Authorities.-(I) Principal Sources: The history of Anjou may be told partly with the aid of the chroniclers of the neighbouring provinces, especiall y those of Normandy (William of Poitiers, William of Jumieges, Ordericus Vitalis) and of Maine (especially Actus pontificum Cenomannis in urbe degentium).
Copious references to these mentions are collected in Tuch, De Nino Urbe (Leipzig, 1845).
Apollinare in Urbe; but of course one cannot be sure how far in such a material the portrait fairly represents the original.
Its proper title was Ab urbe condita libri (also called historiae and annales).
The sole argument, though a very weighty one, is found in the undeniable relation, revealed in an astonishing similarity both in expressions and composition, which exists between these forgeries and some other documents certainly fabricated at Le Mans, under the episcopate of Aldric (832-856), notably the Actus Pontificum Cenomanis in urbe degentium, in which there is no lack of forged documents.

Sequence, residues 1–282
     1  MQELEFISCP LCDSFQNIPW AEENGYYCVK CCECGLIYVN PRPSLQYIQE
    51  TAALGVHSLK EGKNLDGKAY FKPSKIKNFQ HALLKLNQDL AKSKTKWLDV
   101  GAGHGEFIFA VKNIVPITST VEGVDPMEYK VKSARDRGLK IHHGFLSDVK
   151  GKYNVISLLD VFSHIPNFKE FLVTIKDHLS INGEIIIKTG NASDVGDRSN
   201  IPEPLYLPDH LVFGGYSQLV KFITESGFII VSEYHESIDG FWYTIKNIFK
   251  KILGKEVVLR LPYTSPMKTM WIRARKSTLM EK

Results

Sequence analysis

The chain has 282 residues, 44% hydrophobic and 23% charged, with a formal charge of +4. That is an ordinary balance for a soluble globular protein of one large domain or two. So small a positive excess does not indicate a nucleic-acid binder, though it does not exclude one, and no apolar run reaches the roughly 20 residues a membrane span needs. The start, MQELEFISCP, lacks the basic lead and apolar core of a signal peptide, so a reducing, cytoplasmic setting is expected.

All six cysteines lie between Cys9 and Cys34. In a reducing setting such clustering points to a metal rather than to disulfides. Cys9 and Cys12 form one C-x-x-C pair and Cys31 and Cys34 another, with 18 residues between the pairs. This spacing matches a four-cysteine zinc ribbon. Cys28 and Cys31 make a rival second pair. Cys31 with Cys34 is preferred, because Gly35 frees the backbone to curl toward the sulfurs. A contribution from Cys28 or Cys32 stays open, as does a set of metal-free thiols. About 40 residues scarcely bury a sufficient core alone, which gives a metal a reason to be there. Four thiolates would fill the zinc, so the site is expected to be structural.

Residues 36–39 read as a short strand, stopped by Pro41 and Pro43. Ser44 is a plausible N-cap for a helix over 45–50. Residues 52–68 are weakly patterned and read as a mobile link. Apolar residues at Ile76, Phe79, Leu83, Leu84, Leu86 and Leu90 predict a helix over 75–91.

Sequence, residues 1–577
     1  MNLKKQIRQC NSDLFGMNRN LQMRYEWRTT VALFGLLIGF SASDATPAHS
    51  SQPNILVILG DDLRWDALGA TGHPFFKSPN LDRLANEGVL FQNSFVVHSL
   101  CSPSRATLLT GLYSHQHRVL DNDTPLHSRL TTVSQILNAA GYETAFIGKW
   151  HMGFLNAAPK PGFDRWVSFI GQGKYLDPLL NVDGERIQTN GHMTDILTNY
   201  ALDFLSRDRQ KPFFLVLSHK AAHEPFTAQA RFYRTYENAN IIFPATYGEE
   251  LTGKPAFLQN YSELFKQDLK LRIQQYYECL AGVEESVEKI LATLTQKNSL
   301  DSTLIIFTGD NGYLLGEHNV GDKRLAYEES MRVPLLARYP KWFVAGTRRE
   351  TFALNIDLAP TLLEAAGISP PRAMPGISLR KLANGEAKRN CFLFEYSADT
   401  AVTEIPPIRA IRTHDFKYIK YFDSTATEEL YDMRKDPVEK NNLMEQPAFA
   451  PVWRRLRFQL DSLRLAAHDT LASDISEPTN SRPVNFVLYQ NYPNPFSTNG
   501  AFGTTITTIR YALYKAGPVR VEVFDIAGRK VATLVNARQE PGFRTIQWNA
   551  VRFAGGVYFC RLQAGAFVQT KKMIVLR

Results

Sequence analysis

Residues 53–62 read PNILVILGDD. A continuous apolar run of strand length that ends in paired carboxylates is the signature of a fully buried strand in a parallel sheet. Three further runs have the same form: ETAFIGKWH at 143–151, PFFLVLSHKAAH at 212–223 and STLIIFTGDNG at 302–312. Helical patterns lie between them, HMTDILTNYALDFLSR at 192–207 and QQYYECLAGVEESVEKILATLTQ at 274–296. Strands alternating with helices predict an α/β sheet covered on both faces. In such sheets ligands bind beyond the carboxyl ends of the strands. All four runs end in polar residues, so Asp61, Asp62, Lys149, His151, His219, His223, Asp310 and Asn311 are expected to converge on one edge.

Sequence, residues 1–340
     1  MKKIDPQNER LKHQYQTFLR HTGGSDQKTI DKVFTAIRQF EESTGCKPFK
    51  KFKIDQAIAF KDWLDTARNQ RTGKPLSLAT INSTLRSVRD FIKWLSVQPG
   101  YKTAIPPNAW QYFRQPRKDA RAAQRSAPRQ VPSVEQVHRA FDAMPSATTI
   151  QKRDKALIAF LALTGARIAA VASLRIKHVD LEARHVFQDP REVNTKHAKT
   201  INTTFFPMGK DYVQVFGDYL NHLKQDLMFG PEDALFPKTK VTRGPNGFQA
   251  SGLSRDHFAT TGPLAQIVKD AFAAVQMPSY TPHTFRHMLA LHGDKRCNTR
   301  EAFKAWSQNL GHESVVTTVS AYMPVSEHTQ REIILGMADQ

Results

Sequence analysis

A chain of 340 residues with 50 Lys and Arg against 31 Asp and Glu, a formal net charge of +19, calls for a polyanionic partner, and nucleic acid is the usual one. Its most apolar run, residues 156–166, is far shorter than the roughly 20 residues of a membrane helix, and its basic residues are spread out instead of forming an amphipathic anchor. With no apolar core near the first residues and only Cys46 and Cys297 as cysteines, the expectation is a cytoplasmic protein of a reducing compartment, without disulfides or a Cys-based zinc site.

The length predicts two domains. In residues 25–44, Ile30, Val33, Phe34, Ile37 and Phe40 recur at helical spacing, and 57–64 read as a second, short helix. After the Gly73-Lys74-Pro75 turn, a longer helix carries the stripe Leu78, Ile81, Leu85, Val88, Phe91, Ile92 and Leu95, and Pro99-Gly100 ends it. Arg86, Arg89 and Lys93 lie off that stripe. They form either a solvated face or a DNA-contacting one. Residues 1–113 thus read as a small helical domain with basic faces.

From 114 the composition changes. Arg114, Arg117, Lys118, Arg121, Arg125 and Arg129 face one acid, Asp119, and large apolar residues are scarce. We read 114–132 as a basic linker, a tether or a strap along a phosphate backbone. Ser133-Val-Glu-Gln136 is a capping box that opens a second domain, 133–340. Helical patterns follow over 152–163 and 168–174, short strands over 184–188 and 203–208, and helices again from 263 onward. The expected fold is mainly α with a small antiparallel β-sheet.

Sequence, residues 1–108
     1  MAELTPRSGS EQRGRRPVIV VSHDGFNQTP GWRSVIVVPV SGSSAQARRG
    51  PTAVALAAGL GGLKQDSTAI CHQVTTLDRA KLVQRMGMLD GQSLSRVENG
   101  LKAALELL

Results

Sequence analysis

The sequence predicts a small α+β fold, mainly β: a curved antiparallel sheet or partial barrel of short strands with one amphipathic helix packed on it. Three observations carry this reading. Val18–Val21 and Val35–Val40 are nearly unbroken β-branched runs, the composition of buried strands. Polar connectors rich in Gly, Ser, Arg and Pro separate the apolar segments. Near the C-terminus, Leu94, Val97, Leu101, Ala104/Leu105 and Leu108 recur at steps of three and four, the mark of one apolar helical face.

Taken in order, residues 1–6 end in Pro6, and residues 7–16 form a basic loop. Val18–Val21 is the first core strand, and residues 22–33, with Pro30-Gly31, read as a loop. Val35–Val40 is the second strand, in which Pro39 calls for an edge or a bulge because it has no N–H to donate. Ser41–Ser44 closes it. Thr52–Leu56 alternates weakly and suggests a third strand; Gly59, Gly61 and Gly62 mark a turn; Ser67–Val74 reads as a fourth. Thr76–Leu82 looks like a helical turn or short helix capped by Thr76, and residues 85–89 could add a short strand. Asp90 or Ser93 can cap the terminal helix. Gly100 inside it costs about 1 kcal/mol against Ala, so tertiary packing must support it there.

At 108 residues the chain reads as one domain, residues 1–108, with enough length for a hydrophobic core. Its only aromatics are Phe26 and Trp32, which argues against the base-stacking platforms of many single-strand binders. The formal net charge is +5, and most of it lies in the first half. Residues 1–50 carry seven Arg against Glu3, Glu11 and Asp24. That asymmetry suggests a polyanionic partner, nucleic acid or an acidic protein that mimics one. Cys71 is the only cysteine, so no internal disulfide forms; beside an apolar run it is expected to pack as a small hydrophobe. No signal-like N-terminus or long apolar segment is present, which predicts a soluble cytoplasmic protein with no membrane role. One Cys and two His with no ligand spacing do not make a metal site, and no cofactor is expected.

The following are the names of the six boards: (I) Tresviri capitales (see Tresviri); (2) Tresviri monetales; (3) Quatuorviri viis in urbe purgandis, who had the care of the streets and roads inside the city; (4) Duoviri viis extra urbem purgandis '(see DuovIRI), abolished by Augustus; (5) Decemviri stlitibus judicandis (see DECEMvIRI); (6) Quatuor praefecti Capuam Cumas, abolished by Augustus.
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